Slow Horses - Mick Herron
It's interesting to see how the thriller genre has evolved in almost a decade.

At some point, I picked up a later book in this series. It was good enough for me to go back to the first, Slow Horses.

While not as vivid or hell-bent-for-leather as current releases by other thriller writers, Slow Horses has a more human element than most. (I'd say that Silva's work is the exception.) I very much appreciate the way Herron develops his characters, although I think he could've gotten by with fewer of them. Any time the regular characters number close to a dozen (or more), I tend to get confused. Figuring out which one is talking—his or her characteristics, their role—pulls me out of the story.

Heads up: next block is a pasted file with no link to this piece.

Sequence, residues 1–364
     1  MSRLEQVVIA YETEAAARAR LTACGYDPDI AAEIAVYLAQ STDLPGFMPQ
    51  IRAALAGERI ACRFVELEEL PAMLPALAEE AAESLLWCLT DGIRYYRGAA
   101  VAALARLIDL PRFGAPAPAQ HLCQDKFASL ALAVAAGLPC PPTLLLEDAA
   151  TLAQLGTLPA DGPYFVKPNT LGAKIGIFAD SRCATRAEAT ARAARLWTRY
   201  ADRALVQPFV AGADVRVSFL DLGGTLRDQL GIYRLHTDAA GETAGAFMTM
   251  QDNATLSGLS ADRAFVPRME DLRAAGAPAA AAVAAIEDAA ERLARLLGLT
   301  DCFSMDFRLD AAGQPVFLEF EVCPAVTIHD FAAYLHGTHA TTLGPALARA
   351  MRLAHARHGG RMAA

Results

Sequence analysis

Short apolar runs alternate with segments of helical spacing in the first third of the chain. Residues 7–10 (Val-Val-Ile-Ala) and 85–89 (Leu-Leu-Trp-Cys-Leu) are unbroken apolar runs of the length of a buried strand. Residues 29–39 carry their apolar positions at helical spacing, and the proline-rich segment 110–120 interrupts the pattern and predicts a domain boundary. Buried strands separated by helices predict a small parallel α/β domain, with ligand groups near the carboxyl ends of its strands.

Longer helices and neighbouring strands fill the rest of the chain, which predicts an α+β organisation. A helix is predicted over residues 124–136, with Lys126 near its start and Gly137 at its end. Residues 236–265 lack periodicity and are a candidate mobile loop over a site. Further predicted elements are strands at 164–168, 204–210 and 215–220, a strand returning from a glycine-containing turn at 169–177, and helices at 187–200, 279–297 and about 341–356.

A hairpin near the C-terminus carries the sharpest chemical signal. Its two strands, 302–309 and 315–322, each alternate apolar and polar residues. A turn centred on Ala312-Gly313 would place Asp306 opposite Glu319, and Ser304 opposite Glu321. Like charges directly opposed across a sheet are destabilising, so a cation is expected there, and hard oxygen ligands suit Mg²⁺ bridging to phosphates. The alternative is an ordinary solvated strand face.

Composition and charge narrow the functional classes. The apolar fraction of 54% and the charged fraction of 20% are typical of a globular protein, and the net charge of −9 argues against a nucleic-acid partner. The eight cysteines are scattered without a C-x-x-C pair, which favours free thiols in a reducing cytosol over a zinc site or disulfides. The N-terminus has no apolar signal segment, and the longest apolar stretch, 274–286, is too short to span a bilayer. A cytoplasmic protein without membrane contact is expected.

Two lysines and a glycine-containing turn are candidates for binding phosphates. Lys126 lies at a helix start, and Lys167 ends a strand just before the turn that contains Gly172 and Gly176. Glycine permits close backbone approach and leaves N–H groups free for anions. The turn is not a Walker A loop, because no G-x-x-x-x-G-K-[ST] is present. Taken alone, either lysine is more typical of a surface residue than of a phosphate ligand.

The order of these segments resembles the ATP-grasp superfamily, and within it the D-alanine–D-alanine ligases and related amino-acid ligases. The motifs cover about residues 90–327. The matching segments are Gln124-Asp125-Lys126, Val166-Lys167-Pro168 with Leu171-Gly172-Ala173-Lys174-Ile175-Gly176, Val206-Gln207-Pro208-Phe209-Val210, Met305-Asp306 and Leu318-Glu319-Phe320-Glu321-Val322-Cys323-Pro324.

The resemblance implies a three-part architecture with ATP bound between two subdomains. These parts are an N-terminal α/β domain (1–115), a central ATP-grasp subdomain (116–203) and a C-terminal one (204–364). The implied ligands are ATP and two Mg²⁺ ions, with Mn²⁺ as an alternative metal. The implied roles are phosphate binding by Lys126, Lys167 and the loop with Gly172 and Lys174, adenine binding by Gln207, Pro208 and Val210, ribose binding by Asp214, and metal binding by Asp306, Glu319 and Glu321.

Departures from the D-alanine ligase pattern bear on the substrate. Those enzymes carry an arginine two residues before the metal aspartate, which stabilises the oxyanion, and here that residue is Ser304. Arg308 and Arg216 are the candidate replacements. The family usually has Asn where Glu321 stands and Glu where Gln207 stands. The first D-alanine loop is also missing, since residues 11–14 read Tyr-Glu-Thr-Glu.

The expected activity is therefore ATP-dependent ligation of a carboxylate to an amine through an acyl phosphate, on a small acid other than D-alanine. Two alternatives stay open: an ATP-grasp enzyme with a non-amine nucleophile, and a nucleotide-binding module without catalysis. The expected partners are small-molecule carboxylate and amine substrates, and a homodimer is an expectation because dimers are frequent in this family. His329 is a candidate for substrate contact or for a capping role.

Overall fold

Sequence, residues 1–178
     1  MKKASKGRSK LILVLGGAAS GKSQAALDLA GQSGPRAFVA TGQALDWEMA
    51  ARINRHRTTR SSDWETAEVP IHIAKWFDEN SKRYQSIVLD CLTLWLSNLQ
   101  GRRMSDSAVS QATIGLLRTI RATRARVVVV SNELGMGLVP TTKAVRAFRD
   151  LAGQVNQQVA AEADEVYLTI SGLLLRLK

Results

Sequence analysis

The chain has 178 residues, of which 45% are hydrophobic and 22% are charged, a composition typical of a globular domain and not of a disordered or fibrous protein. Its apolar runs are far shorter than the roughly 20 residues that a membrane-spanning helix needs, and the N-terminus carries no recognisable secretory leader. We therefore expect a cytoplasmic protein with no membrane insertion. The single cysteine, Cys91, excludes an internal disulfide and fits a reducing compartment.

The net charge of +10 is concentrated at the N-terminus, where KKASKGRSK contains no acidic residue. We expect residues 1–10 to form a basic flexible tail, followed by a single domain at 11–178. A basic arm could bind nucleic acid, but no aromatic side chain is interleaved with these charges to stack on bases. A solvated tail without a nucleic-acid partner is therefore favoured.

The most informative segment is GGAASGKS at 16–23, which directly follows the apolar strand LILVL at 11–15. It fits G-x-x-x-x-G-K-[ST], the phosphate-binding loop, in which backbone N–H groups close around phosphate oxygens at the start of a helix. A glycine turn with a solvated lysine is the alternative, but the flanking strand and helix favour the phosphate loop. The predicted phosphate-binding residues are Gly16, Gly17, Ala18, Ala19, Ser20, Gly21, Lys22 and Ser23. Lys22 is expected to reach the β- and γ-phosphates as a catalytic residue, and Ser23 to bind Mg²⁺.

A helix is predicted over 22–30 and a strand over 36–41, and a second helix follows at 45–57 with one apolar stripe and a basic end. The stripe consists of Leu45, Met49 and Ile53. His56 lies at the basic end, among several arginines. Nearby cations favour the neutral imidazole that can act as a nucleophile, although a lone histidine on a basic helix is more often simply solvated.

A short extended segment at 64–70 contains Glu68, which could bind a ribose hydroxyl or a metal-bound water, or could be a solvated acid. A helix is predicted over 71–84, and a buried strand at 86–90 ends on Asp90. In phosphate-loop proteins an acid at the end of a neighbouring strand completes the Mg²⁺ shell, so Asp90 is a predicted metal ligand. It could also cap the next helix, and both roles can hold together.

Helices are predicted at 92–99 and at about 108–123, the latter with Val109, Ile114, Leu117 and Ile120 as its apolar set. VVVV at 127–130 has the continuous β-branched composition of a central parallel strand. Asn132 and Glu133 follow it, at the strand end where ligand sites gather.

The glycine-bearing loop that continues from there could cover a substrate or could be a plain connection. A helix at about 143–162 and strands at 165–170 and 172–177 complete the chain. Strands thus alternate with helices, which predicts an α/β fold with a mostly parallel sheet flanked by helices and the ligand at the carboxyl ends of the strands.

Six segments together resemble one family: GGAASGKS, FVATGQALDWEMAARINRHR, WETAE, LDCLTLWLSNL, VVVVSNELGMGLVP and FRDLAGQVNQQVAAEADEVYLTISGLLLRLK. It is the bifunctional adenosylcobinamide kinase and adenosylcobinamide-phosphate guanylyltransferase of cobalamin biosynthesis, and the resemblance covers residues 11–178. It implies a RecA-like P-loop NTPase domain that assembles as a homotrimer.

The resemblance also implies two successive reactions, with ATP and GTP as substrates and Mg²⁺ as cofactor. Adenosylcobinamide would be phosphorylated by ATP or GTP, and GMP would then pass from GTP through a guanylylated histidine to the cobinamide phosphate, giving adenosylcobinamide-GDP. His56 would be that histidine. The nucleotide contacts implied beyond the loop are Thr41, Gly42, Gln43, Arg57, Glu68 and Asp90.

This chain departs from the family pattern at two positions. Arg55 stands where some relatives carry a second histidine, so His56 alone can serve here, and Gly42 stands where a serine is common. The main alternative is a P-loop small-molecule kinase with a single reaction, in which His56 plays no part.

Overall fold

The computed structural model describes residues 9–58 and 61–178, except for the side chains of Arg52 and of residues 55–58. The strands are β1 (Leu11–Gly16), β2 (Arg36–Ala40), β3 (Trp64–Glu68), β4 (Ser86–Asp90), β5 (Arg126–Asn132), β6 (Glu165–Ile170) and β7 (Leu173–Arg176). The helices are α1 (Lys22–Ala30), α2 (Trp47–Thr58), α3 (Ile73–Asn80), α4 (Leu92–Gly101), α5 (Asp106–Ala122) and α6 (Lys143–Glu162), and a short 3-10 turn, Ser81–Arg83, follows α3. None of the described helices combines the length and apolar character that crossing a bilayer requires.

I also realize that writing about the thriller world involves a lot of profanity. But at some point, it becomes meaningless to me. I wonder if the author couldn't have conveyed his characters' feelings without resorting to the F bomb, perhaps finding a more original, realistic way to express frustation or surprise than resorting to the basic exclamation. A constant stream of profanity just gets tiresome, making me wonder about the intellect of the characters—most of whom have to be smart enough to survive a thriller story.

But these are minor complaints about a book that I read in one evening, and enjoyed. I look forward to seeing what Herron does with these characters in book 2.